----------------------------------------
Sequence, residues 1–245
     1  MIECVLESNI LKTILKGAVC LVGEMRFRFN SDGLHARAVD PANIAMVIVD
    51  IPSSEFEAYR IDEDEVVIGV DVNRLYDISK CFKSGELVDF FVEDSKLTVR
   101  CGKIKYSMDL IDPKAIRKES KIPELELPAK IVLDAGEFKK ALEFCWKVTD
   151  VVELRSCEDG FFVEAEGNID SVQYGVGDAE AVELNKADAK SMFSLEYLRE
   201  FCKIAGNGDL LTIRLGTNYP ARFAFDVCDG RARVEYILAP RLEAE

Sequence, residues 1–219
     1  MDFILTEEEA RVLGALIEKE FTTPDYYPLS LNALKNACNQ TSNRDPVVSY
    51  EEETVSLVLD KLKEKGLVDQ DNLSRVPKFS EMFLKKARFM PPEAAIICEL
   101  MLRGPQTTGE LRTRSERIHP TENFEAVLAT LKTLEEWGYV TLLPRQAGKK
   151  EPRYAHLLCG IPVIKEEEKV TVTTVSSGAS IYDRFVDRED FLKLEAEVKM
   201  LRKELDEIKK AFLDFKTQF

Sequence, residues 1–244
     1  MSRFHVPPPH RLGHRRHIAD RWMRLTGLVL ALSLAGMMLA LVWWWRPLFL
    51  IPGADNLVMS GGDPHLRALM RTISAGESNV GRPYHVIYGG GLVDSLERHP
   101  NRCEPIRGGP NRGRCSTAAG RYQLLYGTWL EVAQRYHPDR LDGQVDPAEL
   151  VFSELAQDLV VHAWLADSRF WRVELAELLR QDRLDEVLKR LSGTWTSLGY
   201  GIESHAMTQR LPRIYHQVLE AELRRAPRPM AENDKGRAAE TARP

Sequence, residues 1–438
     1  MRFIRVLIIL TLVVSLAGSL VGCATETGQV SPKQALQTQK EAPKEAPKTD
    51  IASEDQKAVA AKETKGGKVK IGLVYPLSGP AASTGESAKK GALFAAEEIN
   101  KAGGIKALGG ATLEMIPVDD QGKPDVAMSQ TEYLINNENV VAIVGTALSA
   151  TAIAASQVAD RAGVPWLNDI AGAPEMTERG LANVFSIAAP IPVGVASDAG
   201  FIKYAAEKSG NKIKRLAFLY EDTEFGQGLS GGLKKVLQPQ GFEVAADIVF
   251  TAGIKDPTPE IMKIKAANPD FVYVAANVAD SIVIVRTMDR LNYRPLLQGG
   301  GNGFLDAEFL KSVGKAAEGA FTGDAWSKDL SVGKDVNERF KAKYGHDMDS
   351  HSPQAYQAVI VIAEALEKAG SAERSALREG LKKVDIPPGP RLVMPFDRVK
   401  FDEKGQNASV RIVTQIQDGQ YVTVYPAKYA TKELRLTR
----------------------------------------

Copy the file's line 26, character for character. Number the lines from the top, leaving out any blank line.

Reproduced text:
   301  GNGFLDAEFL KSVGKAAEGA FTGDAWSKDL SVGKDVNERF KAKYGHDMDS